Arranging the Israeli Legal Status of a Foreign Spouse After Divorce
There are many cases in which marriage relationships are cut, and the gradual process (family unification) for arranging the legal status of the foreign spouse cannot continue after divorce. In such a case, the Israeli legal status of a divorced foreign spouse will be decided by an inter-office committee based on humanitarian reasons, subject to the relevant conditions.
This request is intended for dealing with difficult situations in which the couple no longer maintains a relationship, but the foreign spouse has lived for a long time in Israel and has developed strong connections there. In addition, the fate of the couple’s common children may be determined as a result.
Merely contacting the inter-office committee does not promise the requested legal status. The criteria that were set are intended to justify the application and enable the inter-office committee to discuss the legal-status application and decide whether or not to recommend approving it.
We offer legal advice and solutions regarding the process of obtaining Israeli legal status and residency, as well as all the other related procedures that are involved. Our lawyers have extensive experience in this field and will gladly use their experience to help you.
The Standard Process
The Israeli Minister of Interior’s approach is based on the idea that granting Israeli citizenship to the foreign spouse of an Israeli is dependent on the existence of a valid genuine marriage.
When the relationship between the spouses has, in effect, ended—even if they are not yet officially divorced—and the family unit is in the process of breaking up, there is no basis for receiving Israeli citizenship due to being married to an Israeli.
Therefore, implementing this approach in most cases, the Minister of Interior believes that there is no room to advance requests for citizenship by divorced spouses of Israeli citizens due to having been married to them in the past, since the marital relationship has, in effect, ended. The approach of the Israeli Citizenship Law, according to which the conditions for receiving citizenship may be eased when the person submitting the application is an Israeli citizen, is based on the value of preserving the family unit and the need to prevent the division of nationality between its components. When the family unit has already fallen apart and the spouses live separately and proceed with the divorce process, there is no reason for the exemption that the law grants to spouses of Israeli citizens.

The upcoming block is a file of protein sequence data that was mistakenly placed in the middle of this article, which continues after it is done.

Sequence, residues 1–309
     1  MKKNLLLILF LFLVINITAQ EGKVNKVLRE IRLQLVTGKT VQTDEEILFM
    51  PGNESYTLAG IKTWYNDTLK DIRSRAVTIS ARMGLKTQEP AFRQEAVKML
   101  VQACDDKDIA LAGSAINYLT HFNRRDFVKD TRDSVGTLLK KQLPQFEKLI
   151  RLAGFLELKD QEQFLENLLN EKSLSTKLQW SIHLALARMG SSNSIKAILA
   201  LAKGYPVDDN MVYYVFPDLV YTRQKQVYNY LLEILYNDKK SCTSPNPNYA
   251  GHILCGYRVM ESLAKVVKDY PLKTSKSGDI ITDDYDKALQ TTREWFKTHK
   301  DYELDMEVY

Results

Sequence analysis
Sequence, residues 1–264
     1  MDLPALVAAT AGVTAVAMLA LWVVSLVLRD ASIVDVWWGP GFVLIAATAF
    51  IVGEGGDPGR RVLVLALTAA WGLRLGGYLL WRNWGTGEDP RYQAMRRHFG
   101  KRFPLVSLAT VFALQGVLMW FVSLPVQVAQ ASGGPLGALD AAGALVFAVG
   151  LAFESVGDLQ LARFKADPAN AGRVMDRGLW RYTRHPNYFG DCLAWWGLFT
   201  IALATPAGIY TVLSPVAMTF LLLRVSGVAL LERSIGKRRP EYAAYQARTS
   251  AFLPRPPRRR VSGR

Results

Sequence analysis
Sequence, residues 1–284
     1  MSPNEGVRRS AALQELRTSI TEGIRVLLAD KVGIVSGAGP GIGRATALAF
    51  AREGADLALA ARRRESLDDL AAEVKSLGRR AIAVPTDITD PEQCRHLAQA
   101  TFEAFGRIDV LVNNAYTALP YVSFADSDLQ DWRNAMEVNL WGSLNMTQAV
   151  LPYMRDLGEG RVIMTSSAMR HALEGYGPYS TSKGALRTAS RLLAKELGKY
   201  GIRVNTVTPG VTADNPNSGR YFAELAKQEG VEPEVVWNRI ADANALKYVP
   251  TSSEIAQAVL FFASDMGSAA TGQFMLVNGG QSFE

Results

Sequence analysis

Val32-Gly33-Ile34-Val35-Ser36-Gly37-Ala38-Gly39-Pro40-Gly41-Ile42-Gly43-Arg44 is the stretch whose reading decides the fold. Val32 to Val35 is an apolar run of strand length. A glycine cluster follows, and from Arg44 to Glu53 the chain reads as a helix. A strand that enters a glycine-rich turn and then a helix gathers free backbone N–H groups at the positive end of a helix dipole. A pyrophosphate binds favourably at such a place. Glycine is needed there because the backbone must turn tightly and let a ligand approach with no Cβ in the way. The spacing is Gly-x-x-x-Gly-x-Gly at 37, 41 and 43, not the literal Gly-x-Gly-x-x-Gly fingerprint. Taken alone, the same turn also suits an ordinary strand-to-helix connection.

However, the divorced spouse may still be in Israel and wish to receive permanent Israeli residency due to certain conditions and considerations. As is well known, citizenship is not the same as permanent residence, and each have separate criteria stipulated in the various laws. The Interior Minister has broad discretion to decide whether or not to recognize the status of a person who is not a citizen but who lives lawfully in Israel and wishes to receive permanent residency. This reflects the value—which is acceptable in modern democracies—that the state has the authority and broad discretion to prevent foreigners from settling in it.
However, the foreign spouse having lived in Israel for a number of years or having a (dissolved) marriage with an Israeli citizen does not immediately grant the foreign spouse the right to permanent residency.
What Is the Status of Children Born From Such a Marriage?
If children are born to the divorced foreign spouse after the marriage has ended, the foreign spouse may apply for permanent residency due to their (Israeli) minor children so that the spouse may live in proximity to the children. However, the Interior Minister approves such applications only in rare cases, when there exist special humanitarian circumstances, or when the minor child has an Israeli parent whose citizenship justifies granting permanent residence.
According to the Interior Ministry’s approach, these special circumstances only exist in special and rare cases. However, the Interior Ministry is willing to allow the divorced “foreign spouse” to receive “visit permits” so that they will be able to visit their minor children every so often. This approach was approved by the Supreme Court in a series of rulings.
One of the main considerations in this procedure is to examine the applicant’s connection to Israel and to the country from which they came, which, naturally, may support the decision to grant citizenship (when the foreign spouse is mainly connected to Israel) or deny citizenship (when the spouse is mainly connected to their land of origin). Thus, for example, if a woman married an Israeli and later left her children, friends, and workplace in her homeland, but then separated from her husband several weeks after marrying him, before she had the chance to integrate into Israeli society and take root there, she is considered to still be a “foreigner,” to a great degree.
Contact Us—Arranging the Israeli Legal Status of a Foreign Spouse After Divorce
Our law firm offers legal advice and solutions regarding the process of obtaining Israeli citizenship and residency, as well as all the other related procedures that are involved. Our lawyers have extensive experience in this field and will gladly use their experience to help you.